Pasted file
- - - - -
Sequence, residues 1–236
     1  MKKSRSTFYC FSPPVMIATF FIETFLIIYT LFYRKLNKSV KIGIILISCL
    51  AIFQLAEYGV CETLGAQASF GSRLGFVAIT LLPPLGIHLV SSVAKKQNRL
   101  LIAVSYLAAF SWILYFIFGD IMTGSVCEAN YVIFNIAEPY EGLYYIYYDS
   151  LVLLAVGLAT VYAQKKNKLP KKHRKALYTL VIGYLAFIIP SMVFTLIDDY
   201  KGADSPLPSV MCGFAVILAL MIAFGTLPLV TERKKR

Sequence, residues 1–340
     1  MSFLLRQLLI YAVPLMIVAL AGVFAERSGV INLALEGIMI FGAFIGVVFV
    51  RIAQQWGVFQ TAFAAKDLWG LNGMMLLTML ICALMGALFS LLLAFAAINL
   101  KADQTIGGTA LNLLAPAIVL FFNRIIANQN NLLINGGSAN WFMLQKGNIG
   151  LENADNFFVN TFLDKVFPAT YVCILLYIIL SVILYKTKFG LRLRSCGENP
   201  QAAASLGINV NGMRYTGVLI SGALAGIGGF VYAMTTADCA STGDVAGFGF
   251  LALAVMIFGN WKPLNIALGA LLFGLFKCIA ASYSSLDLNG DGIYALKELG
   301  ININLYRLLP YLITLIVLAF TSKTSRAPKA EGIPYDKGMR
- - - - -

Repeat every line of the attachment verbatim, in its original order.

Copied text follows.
Sequence, residues 1–236
     1  MKKSRSTFYC FSPPVMIATF FIETFLIIYT LFYRKLNKSV KIGIILISCL
    51  AIFQLAEYGV CETLGAQASF GSRLGFVAIT LLPPLGIHLV SSVAKKQNRL
   101  LIAVSYLAAF SWILYFIFGD IMTGSVCEAN YVIFNIAEPY EGLYYIYYDS
   151  LVLLAVGLAT VYAQKKNKLP KKHRKALYTL VIGYLAFIIP SMVFTLIDDY
   201  KGADSPLPSV MCGFAVILAL MIAFGTLPLV TERKKR

Sequence, residues 1–340
     1  MSFLLRQLLI YAVPLMIVAL AGVFAERSGV INLALEGIMI FGAFIGVVFV
    51  RIAQQWGVFQ TAFAAKDLWG LNGMMLLTML ICALMGALFS LLLAFAAINL
   101  KADQTIGGTA LNLLAPAIVL FFNRIIANQN NLLINGGSAN WFMLQKGNIG
   151  LENADNFFVN TFLDKVFPAT YVCILLYIIL SVILYKTKFG LRLRSCGENP
   201  QAAASLGINV NGMRYTGVLI SGALAGIGGF VYAMTTADCA STGDVAGFGF
   251  LALAVMIFGN WKPLNIALGA LLFGLFKCIA ASYSSLDLNG DGIYALKELG
   301  ININLYRLLP YLITLIVLAF TSKTSRAPKA EGIPYDKGMR